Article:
ADDIS ABABA (AFP) – The African Union on Thursday asked the United Nations to authorise an increase of its peacekeeping force in war-torn Somalia by 5,700 to 17,700 amid mounting attacks by Islamist rebels.
Monica Juma, Kenya’s ambassador to the UN, made the announcement. The African force, called AMISOM, has been functioning under UN mandate since 2007 in the lawless Horn of Africa nation.
“The highlights were: the need to increase the AMISOM troops from 12,000 to 17,700, the need to fast track the creation of an administrative unit in the liberated areas,” Juma said, after presiding over a meeting of the AU’s Peace and Security Council in the Ethiopian capital.
She also highlighted the need for “logistical support in order to optimise the capability of the AMISOM troops”, and to beef up the “capability of the TFG (transitional government forces) and allied forces in order… to begin to create a Somalian security force.”
Regional states strive to battle the extremist Shebab insurgents who control much of southern Somalia.
The AMISOM currently comprises Djiboutian, Ugandan and Burundian soldiers, who have been deployed since 2007 to protect the Western-backed government from the Shebab in the war-shattered capital.
The hardline insurgents control large parts of southern Somalia but are facing increasing pressure from regional armies and government forces, with the rebels leaving fixed positions in Mogadishu in favour of guerrilla tactics.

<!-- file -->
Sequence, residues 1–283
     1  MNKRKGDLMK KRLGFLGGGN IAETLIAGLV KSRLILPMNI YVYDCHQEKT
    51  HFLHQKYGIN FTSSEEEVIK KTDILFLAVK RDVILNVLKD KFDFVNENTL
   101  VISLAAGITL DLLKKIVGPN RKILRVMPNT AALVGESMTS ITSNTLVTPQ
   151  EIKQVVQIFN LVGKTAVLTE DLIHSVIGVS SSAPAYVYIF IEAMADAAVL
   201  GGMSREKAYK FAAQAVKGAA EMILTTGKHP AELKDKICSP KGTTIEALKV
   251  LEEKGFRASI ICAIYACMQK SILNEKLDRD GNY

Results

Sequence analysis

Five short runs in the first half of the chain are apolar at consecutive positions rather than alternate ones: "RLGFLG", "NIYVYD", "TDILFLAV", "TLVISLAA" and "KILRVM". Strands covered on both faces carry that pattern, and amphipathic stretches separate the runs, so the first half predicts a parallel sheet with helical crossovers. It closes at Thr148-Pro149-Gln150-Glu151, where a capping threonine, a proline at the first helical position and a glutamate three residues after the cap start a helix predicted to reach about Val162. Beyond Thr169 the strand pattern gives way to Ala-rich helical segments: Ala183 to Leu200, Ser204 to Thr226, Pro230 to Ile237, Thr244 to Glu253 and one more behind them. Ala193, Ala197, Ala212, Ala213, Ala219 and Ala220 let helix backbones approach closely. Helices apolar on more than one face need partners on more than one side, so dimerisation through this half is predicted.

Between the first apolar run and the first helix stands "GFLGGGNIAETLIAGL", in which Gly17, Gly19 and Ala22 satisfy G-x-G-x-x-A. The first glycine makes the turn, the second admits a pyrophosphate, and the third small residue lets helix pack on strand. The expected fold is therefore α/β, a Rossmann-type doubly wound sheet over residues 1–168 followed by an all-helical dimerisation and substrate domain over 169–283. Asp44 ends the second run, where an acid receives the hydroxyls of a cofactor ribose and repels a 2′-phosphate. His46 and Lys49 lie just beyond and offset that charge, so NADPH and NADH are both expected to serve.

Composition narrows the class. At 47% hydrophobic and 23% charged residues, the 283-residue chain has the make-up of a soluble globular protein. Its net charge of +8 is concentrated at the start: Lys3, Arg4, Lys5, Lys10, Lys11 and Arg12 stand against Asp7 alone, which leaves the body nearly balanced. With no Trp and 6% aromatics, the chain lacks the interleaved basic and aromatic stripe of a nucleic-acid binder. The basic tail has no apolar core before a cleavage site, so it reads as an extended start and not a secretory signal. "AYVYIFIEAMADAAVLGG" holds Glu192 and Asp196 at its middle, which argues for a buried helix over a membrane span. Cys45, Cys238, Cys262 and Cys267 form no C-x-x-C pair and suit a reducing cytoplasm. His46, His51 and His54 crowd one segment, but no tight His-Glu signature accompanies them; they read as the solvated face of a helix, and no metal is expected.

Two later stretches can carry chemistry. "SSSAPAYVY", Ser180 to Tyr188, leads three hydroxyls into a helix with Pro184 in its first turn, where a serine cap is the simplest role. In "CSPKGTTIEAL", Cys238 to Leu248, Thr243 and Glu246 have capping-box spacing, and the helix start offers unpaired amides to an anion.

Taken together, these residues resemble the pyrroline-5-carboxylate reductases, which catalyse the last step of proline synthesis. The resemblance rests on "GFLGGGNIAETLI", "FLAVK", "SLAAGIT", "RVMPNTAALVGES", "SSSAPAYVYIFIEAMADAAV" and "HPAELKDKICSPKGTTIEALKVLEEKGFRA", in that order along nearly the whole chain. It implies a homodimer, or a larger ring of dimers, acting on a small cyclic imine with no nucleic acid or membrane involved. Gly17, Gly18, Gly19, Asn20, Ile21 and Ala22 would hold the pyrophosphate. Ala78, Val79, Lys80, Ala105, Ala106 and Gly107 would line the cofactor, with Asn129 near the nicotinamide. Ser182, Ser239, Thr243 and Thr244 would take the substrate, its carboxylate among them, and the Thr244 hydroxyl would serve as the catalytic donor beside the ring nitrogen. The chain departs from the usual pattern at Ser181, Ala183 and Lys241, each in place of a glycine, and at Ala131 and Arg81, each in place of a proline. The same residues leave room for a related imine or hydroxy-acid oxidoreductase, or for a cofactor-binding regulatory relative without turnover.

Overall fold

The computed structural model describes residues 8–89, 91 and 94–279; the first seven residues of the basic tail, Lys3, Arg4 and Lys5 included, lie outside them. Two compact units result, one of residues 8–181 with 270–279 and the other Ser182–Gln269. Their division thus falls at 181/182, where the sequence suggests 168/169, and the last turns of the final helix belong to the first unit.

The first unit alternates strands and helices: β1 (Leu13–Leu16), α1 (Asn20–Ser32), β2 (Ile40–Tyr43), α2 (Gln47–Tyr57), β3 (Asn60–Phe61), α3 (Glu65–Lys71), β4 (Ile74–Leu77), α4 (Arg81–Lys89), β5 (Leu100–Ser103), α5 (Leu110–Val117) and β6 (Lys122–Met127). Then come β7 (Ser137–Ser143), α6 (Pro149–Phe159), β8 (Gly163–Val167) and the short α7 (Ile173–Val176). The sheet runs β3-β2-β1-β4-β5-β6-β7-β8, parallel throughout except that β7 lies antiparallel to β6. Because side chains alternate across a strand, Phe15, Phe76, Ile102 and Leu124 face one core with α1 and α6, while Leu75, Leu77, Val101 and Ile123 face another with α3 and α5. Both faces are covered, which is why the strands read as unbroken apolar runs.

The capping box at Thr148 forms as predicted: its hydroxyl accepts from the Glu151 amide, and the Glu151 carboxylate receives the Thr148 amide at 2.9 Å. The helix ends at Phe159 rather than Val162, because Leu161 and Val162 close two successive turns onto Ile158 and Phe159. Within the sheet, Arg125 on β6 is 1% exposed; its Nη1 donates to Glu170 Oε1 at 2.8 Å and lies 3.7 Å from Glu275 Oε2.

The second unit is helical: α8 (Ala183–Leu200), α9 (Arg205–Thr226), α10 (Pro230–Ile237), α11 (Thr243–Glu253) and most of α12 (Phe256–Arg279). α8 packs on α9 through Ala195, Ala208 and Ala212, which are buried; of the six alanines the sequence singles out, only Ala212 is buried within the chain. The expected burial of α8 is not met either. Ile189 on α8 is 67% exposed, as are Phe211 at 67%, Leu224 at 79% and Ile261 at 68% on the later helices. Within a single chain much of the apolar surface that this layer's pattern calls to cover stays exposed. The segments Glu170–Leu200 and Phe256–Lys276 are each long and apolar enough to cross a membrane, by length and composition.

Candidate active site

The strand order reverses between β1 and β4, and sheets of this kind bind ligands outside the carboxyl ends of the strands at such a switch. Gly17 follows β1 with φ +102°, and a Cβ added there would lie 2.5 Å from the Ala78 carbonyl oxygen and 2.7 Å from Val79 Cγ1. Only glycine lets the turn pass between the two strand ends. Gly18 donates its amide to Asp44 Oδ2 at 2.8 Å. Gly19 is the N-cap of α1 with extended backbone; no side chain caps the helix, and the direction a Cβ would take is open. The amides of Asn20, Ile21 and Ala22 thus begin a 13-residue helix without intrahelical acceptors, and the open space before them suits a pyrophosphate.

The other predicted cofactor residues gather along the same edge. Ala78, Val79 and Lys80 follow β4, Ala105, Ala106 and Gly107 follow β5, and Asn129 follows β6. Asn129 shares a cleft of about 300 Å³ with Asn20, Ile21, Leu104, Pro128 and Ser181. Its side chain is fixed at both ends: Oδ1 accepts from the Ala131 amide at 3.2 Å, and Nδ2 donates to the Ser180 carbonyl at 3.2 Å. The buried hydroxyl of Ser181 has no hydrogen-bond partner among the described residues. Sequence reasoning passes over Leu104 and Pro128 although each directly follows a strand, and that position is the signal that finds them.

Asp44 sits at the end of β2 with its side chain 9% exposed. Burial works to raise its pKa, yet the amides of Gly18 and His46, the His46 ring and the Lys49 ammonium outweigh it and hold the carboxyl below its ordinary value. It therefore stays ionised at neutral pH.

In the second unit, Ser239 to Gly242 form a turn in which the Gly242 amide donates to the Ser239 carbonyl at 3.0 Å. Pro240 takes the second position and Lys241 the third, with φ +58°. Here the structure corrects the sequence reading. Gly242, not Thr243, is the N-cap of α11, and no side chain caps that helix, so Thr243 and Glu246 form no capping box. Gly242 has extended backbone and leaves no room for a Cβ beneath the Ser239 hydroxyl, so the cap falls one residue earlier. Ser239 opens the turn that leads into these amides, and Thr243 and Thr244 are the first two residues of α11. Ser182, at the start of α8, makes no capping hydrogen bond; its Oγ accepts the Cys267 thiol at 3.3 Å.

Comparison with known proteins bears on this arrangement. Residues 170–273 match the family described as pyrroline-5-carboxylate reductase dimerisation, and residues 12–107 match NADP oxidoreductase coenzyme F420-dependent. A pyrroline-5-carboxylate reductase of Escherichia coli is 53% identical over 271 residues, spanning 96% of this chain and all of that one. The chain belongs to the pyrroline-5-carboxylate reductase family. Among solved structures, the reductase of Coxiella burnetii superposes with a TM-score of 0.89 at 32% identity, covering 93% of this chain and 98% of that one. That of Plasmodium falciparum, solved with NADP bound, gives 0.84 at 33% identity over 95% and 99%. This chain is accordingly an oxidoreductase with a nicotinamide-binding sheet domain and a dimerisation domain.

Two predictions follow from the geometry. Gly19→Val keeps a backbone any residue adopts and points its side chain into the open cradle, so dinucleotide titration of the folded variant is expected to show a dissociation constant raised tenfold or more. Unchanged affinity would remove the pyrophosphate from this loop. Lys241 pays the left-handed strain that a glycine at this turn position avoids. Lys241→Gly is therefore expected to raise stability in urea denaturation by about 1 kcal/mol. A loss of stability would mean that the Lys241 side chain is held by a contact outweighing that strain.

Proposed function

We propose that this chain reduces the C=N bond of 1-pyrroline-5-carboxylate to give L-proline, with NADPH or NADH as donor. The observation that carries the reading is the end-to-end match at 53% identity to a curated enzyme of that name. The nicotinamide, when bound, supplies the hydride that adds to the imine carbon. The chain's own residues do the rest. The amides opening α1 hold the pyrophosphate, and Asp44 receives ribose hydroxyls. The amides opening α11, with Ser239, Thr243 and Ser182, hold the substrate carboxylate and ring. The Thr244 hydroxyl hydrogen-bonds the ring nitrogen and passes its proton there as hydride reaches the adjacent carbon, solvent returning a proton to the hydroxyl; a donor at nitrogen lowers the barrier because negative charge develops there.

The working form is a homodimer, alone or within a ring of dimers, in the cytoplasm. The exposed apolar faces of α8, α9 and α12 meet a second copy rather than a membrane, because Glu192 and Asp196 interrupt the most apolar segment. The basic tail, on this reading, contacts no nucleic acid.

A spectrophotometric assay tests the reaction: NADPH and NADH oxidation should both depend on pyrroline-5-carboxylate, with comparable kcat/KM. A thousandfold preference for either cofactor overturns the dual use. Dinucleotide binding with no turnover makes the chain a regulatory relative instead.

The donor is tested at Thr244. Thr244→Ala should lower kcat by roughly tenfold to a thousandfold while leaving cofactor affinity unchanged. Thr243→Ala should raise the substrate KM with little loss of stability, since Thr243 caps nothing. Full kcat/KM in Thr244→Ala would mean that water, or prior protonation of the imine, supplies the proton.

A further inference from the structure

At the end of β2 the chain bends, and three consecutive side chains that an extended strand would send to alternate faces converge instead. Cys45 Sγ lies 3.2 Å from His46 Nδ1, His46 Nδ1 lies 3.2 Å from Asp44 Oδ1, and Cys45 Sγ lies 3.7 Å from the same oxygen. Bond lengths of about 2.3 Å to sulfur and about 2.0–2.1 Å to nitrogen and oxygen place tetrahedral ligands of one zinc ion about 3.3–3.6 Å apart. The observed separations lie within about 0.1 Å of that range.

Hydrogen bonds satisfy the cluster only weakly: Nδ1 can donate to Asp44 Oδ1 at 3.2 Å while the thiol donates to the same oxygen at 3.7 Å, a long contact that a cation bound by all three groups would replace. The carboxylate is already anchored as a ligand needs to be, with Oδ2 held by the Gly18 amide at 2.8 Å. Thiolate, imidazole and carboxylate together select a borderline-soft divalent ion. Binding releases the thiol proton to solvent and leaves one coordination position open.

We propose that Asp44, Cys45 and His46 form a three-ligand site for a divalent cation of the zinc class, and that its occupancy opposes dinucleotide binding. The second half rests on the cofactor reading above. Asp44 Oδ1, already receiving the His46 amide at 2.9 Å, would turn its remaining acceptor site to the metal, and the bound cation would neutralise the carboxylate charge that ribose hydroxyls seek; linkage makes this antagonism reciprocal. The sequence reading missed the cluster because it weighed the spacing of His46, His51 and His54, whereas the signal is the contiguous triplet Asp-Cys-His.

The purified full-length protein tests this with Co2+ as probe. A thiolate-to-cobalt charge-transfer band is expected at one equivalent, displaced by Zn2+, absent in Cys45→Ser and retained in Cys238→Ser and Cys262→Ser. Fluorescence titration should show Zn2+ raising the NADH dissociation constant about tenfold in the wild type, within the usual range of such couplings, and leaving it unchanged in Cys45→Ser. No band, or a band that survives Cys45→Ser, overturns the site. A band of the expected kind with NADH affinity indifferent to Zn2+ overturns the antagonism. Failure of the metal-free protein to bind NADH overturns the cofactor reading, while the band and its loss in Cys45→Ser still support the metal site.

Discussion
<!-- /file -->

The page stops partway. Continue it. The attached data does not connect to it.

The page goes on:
The AU Commissioner for Peace and Security Ramtane Lamamra said the African forces were now in a position to quell both the Shebab and the pirates.
“Whatever investment the international community is ready to make for Somalia, it would be really serving both causes. And in the same time assist nation building and a post-conflict peace consolidation,” he said.
In October, Kenya sent tanks and troops into southern Somalia to fight the Shebab militia which Nairobi blames for a series of cross-border attacks and kidnappings of foreigners.
Ethiopian soldiers were reported to have crossed into western Somalia in November, although Addis Ababa has denied its forces crossed the border.
Eritrea has been accused of backing the hardline Shebab, although it too denies any involvement in the conflict.
Somalia has been ravaged by a nearly uninterrupted civil war since the 1991 ouster of president Siad Barre sparked vicious bloodletting by rival militias fighting for power.
In the latest move to return stability, Somali leaders in September signed a UN-backed agreement to improve security, adopt a new constitution and hold polls by August 2012 when the life of the current transitional government expires.